After graduation he became the Rand Corporation’s lone graphic designer and was soon heading an art department of nearly 20 people. While he was there he put together annual reports, security posters and learned about computers. From Rand he went to the Northrup Corporation where, as corporate design director he designed the airplane manufacturer’s corporate annual reports, designed exhibits for their airshows and wrote their capability and scientific brochures.

Cross was 29 when he went to work for himself and opened his own office. 

“When you’re young you don’t know any better,” he said, and laughed. “As an artist you’re expected to think outside the box. I could go in and talk to the engineers who had no talent in the way of design and I was the expert, even at that age.”

Cross and the other designers in his office began entering and winning the design competitions sponsored by such groups as the American Institute of Graphic Arts and the Artists Club of Los Angeles — as many as 20, 30 and 40 awards a year, he said, and their reputation grew.

“We were always exploring, experimenting with inks, with printing presses and papers,” he recalled. “Those days were really a lot of fun.”

Years later he and his late son, also Jim, would take off on a photo shoot with a professional photographer for an annual report Cross was putting together for Computer Automation. 

“They were opening offices and taking computer products to the East Coast and Europe ... So I took my son with me to Los Angeles, New York, Dublin,  London, Paris and Heidelberg. We shot the computers under the Brooklyn Bridge, at Notre Dame Cathedral and the Houses of Parliament in London.” 

Those who imagine Cross spent most of his time mulling over design problems, would be wrong. In addition to serving on numerous boards, he has been a teacher, a lecturer at Smithsonian Institute and Tokyo School of Design, associate professor at UCLA, adjunct professor at Arizona State University, a judge in design competitions, held one-man shows of his drawings and prints and been part of several group shows, as well as curated the Napa Valley Museum’s eye-popping “Art & Wine — The Expressions of an Industry” last year.

He was named international president of Alliance Graphique Internationale, holds the Art Directors Club of Los Angeles Lifetime Achievement Award, the American Institute of Graphic Arts Legacy Medal and appears in “Who’s Who in Graphic Design.”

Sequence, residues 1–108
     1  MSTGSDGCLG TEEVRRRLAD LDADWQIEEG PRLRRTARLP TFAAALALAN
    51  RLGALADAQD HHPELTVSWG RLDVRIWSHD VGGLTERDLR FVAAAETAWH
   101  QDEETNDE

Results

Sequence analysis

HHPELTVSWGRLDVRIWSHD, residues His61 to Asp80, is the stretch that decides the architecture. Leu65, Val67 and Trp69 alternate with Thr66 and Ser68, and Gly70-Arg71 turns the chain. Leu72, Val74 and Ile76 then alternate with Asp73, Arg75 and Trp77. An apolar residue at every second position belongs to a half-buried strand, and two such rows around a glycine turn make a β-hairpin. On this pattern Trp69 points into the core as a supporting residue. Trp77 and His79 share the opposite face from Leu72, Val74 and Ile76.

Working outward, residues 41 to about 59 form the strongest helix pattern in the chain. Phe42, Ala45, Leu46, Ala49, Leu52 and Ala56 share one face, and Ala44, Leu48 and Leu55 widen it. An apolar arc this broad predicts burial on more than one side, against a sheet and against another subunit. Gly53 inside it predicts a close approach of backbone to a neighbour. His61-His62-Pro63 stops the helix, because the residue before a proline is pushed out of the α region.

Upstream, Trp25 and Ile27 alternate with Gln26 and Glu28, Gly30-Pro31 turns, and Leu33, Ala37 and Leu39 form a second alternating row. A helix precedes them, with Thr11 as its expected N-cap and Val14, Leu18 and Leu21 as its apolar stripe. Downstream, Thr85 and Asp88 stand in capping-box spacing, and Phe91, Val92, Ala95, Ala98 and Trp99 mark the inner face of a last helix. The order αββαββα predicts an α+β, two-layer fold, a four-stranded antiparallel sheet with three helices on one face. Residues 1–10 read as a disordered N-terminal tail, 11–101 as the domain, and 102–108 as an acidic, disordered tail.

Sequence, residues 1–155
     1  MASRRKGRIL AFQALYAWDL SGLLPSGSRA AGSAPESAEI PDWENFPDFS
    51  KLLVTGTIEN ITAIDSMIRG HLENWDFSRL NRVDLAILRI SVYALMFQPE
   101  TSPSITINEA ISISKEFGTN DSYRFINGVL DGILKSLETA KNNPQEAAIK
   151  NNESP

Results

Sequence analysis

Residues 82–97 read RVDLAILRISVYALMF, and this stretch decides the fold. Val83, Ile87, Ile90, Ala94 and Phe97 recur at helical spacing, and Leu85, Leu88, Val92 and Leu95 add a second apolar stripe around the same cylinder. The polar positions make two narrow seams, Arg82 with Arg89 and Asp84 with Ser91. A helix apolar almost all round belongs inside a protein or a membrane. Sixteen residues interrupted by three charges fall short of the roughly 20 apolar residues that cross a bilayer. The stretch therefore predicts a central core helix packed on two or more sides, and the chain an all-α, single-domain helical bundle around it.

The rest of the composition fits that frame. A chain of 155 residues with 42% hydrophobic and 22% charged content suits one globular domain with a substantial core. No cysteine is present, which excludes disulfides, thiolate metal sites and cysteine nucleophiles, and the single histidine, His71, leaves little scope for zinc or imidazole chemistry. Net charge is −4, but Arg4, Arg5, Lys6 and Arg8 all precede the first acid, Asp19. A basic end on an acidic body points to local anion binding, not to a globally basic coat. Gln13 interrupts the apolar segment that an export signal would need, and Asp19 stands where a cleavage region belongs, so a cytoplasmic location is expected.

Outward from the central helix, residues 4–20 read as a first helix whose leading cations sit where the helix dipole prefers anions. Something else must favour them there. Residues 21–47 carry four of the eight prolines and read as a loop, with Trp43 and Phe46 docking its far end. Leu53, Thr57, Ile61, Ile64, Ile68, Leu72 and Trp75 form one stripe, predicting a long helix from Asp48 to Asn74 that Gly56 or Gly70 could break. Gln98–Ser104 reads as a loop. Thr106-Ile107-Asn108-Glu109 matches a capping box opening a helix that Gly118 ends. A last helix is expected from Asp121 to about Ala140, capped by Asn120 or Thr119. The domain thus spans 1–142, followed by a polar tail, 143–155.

Eventually James Cross Design became Cross Associates until being purchased in 1988 by the British firm, Saatchi and Saatchi, and was folded into a  New York-based affiliate to become  Seigel+Gale/Cross. Cross stayed on as managing and creative director until 1994.

Following a move to St. Helena in 1996 it wasn’t long before he took on a new creative endeavor. He and his wife, Sue, are the proprietors of Cross Cellars. Using grapes from the Kelleher family vineyards the couple makes a Cross Oakville Cabernet Sauvignon found in more than 20 California restaurants and wine shops.

At a time when most men would be retired and working on their golf game, Cross continues take on commissions for wine labels, winery brochures and logos, and works on his personal fine arts projects.

He hasn’t forgotten past colleagues, however. His book acknowledges and names the men and women, “without whom the work in this book could not have been accomplished.” 

He is a member in good standing of the Design- osaurs Club, based in Los Angeles, all guys in their 70s, and flies down to join them for lunch every so often.

If Cross’ life were to be summed up metaphorically, it could easily be portrayed as a sandwich of gigantic proportions — a Dagwood style sandwich — with a giant bite taken out of it.